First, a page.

What advice do you have for your 1% peers who look at what you’ve done and want to build something that gives back while using their skill set rather than only write checks?

It is individual. I'm on one end of the spectrum. I decided to go from running a business that I happened to make money from to deciding I'm not going to look at accruing capital as one of the driving forces. I actually still like building businesses but I'm one end of the spectrum. I think each person has to figure out the great dial of life between giving and taking. It's okay to take. It's okay to be selfish. I wouldn't be doing this today had I not been financially successful because I was at a stage in my life where I didn't come from means and I needed to provide for my own children. It's okay to be selfish and it's also okay to start to dip your toe in the water of 'how do I start to give back?'

There is more money in this country than there are capable executives to steward and cultivate those dollars from a donation point of view. We have a forty trillion dollar intergenerational transfer of wealth. There is a lot to be done. 

Can you offer tangible ways?

There's a huge need for good quality board members to treat those organizations and give them the time and the discipline that they need and an increasing opportunity to mentor and coach. Spend time with these organizations.

They can get involved civically. I sat on the Board of Education for five years. It was one of the best educations I could have ever imagined in civics and democracy and I appreciated what it's like to run a school system with a million children and 70,000 teachers and 400-off districts. You don't want to stand on the sidelines and throw stones at the system. You want to get involved. Pick your area. Make a commitment and get involved, whether it's with time or money or serving in a civic capacity. Join a local board, whether it's a city or school or whatever. I think each one of us, if you have the opportunity to serve should give back.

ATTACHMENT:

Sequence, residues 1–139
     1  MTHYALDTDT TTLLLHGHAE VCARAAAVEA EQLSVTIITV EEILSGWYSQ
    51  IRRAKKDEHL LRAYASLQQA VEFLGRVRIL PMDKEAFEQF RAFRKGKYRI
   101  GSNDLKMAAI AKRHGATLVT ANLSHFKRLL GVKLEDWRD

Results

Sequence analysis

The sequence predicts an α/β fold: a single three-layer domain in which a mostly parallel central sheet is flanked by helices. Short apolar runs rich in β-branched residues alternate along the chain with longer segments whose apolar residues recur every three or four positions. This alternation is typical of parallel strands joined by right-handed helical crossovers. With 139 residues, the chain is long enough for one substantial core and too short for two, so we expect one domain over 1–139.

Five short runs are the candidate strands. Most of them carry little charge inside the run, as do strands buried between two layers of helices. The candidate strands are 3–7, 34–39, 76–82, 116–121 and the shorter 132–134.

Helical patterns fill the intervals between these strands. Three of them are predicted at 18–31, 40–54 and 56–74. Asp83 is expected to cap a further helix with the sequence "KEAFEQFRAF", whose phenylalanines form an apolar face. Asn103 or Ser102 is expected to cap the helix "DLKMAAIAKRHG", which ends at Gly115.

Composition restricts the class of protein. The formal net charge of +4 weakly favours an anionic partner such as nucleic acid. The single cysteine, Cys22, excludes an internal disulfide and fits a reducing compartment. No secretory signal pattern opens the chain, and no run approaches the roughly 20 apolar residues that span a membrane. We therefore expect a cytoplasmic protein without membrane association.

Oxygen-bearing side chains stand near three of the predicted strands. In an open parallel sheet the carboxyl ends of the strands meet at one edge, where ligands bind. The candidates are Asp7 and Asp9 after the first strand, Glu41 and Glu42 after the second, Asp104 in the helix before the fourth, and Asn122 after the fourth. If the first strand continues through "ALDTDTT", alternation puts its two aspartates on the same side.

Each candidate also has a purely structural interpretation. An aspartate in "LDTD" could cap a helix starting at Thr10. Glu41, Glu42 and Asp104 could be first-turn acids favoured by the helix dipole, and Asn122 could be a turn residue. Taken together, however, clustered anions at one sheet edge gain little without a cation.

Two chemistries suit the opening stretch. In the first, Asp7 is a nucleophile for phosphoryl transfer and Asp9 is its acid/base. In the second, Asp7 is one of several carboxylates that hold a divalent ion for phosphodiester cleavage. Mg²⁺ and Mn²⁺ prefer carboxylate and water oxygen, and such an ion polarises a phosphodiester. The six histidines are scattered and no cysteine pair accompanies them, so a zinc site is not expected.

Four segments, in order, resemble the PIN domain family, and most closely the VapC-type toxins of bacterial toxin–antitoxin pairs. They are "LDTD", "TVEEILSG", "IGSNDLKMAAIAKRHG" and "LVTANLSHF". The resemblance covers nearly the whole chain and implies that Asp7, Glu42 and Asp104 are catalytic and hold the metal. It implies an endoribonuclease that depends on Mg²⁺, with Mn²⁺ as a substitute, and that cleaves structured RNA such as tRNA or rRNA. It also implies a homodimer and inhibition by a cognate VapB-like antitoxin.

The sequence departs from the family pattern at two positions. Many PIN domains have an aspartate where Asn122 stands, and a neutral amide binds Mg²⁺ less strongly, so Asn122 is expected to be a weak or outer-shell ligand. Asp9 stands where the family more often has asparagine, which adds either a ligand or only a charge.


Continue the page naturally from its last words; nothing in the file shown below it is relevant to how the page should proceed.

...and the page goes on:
Ask the question: Where do you want to have impact in your life and how do you want to have impact? Draw a circle around those for whom you are responsible. You start with a partner, children, family or maybe you draw your arms around a larger community. And how would you do that? And why would you do that? Imagine if each one of us took one person who wasn't in a nuclear family and put their last name on that person metaphorically and you said, 'I'll care for, support, love and help you like you had my last name.' The world would be different. 

How do you mentally bridge the gap between your financial security and the people you're helping?

I have no apology or excuse for the fact that I was fortunate in business and don't need to or want to hide that from students. Often there are students at my house every week for dinner. You see graduates come over to my house and we're straight with each other. They know they can ask me any question they want. If they want to talk financially, I'll be straight with them. In return, I'm going to ask them questions as well and I expect them to be straight with me. There's an egalitarian nature that we both respect one another. I would never judge you. I would ask you don't judge me. You're trying to build relationships based on an authenticity, a curiosity, and a healthy mutual respect that is really independent of socioeconomics.

I don't think I'm perfect at it. I think I'm striving to be better and better at that every day. I'm learning as much as I can but I'm sure that that at the core reduces any difference, or perceived difference, between who I am and whom I serve.